Labour may have won enough support in the south east to overtake the Conservatives, according to an exclusive nationwide survey of voting intentions.
The poll found that 32% of people said they are planning to vote Labour on Thursday (June 8), compared to 25% who said that was their planned vote at the start of the election campaign.
But the proportion of respondents backing the Tories is at 27%, compared to 31% backing the party at the start of the campaign.
The Lib Dems have seen their vote share squeezed down to 7% while the number of respondents who said they supported UKIP at the start of the campaign was down from 2.8% to 2.4%, although the Greens were up to 3.4%.
Three-quarters of people who planned to vote Conservative at the start of the campaign are still backing the party but 10% have switched to Labour, and 10% say they are no longer sure who they will vote for.
84% of those who planned to vote Labour are sticking with their party and 25% of people who previously planned to vote Lib Dem said they have switched to Labour, as have 31% of those who had been planning to vote Green and 6% of those previously backing UKIP.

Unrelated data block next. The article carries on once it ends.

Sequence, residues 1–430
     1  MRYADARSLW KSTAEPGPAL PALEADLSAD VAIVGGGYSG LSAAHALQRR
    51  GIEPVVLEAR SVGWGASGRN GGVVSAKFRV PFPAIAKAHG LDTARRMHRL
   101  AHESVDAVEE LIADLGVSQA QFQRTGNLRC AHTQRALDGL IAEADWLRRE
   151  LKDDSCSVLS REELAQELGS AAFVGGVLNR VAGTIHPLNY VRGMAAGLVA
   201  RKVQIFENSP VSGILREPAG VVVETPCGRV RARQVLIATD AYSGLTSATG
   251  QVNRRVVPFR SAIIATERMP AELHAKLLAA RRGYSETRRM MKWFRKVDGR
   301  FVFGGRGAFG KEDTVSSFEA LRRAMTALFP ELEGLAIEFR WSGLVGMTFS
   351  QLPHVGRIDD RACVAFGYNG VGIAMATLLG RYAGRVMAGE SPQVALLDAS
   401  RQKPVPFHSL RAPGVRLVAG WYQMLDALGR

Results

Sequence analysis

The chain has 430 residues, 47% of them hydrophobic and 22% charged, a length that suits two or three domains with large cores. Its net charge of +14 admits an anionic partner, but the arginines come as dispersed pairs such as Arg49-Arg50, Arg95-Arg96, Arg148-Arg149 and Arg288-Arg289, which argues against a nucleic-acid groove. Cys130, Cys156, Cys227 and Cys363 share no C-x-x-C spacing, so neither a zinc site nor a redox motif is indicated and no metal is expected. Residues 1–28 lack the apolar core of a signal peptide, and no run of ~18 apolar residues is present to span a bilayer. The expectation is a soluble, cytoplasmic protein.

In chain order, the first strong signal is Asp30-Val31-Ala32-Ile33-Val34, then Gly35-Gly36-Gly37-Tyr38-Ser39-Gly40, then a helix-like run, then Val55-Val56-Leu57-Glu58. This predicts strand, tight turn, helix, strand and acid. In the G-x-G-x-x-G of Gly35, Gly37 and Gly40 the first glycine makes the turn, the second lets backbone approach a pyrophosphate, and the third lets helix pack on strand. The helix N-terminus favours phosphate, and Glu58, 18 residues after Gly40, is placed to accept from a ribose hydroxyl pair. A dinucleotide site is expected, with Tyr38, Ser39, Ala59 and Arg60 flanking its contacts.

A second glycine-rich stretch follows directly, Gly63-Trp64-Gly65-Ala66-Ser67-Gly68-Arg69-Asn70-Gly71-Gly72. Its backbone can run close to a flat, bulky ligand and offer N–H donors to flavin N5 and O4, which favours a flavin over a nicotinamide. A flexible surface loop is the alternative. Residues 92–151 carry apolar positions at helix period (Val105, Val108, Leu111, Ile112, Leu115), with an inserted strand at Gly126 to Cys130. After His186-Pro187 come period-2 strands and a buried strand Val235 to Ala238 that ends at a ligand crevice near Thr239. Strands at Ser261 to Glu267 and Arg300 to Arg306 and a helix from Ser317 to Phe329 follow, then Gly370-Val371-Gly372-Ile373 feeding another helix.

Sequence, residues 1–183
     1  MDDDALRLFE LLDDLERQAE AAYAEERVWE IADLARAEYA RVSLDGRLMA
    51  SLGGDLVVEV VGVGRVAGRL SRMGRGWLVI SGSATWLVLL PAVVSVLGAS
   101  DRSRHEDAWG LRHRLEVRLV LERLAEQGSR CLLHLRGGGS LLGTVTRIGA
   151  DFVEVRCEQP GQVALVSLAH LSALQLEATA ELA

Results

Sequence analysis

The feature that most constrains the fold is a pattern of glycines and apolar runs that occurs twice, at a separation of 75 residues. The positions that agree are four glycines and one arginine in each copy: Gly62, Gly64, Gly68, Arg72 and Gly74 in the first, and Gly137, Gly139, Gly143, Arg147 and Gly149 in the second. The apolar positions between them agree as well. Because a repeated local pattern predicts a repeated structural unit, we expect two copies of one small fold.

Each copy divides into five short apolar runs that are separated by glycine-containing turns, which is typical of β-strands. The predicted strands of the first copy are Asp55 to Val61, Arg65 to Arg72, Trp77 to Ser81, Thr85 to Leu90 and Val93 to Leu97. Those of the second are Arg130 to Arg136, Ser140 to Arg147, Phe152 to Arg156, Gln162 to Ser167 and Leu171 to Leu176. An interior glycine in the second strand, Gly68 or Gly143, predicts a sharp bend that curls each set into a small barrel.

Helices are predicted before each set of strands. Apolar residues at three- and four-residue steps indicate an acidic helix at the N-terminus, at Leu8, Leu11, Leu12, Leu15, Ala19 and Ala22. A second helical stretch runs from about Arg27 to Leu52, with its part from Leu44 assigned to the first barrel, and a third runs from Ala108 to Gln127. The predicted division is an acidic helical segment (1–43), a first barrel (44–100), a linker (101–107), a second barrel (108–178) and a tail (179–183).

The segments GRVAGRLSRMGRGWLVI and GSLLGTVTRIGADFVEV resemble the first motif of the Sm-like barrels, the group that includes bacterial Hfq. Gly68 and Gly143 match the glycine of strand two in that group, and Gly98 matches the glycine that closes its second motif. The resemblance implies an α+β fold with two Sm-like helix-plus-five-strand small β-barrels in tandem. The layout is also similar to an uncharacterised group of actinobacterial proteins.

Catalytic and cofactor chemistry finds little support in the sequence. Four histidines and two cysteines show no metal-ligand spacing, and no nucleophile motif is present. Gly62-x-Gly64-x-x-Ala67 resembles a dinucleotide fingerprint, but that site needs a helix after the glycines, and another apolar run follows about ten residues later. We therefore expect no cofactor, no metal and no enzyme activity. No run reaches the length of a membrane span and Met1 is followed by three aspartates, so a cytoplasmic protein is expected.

A quarter of respondents who said they were not sure what their vote would be at the start of the campaign are now behind Labour, 23%, compared to 4% who have decided to vote Conservative – although 68% still have not made up their minds.
54% of respondents in the region think Jeremy Corbyn has had the best general election campaign, as do 55% of Lib Dem voters – a bigger proportion than think Tim Farron is doing best.
Missing the leaders’ debate on BBC1 last week may not have helped the perception of May’s performance, as 55% of respondents said it was the wrong decision.
But the survey suggests the debates had only a limited impact on how people are planning to vote, with just 9% of respondents saying it had caused them to change their vote.
Most respondents said the party they were voting for was most important, rather than the party leader, 24%, or the local candidate, 13%.
Social care and the NHS are the issues most likely to determine how 32% of respondents are planning to vote, including 56% of those planning to vote Labour and 30% of Lib Dem voters, followed by Brexit, the key issue for 22% of respondents, including 44% of Conservative voters and 35% of UKIP voters.
Half said they have had candidate’s leaflets sent in the post, and 10% said they has seen a candidate or campaigner locally and 9% said a campaigner had knocked on their door.
However, a third, 35%, said they have not seen candidates, campaigners or received leaflets.
The study, run in partnership with Google Surveys, was completed online by more than 8,300 people across Britain.